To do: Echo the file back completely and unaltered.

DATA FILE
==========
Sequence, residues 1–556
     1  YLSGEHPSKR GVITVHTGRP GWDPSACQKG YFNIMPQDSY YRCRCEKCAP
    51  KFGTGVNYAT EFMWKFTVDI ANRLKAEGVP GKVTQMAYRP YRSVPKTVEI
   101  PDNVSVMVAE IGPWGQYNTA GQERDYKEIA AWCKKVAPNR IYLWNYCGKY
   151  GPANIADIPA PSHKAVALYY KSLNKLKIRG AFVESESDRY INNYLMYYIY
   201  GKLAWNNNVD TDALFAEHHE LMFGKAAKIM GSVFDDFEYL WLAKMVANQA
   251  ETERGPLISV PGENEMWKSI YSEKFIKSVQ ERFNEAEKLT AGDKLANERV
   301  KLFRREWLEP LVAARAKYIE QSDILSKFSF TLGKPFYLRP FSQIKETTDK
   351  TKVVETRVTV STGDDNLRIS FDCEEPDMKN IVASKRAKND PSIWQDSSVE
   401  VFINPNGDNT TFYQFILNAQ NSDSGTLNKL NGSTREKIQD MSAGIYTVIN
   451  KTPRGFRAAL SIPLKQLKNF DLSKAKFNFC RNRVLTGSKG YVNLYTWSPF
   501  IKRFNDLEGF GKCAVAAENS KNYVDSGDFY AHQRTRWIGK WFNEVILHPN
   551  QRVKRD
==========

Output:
Sequence, residues 1–556
     1  YLSGEHPSKR GVITVHTGRP GWDPSACQKG YFNIMPQDSY YRCRCEKCAP
    51  KFGTGVNYAT EFMWKFTVDI ANRLKAEGVP GKVTQMAYRP YRSVPKTVEI
   101  PDNVSVMVAE IGPWGQYNTA GQERDYKEIA AWCKKVAPNR IYLWNYCGKY
   151  GPANIADIPA PSHKAVALYY KSLNKLKIRG AFVESESDRY INNYLMYYIY
   201  GKLAWNNNVD TDALFAEHHE LMFGKAAKIM GSVFDDFEYL WLAKMVANQA
   251  ETERGPLISV PGENEMWKSI YSEKFIKSVQ ERFNEAEKLT AGDKLANERV
   301  KLFRREWLEP LVAARAKYIE QSDILSKFSF TLGKPFYLRP FSQIKETTDK
   351  TKVVETRVTV STGDDNLRIS FDCEEPDMKN IVASKRAKND PSIWQDSSVE
   401  VFINPNGDNT TFYQFILNAQ NSDSGTLNKL NGSTREKIQD MSAGIYTVIN
   451  KTPRGFRAAL SIPLKQLKNF DLSKAKFNFC RNRVLTGSKG YVNLYTWSPF
   501  IKRFNDLEGF GKCAVAAENS KNYVDSGDFY AHQRTRWIGK WFNEVILHPN
   551  QRVKRD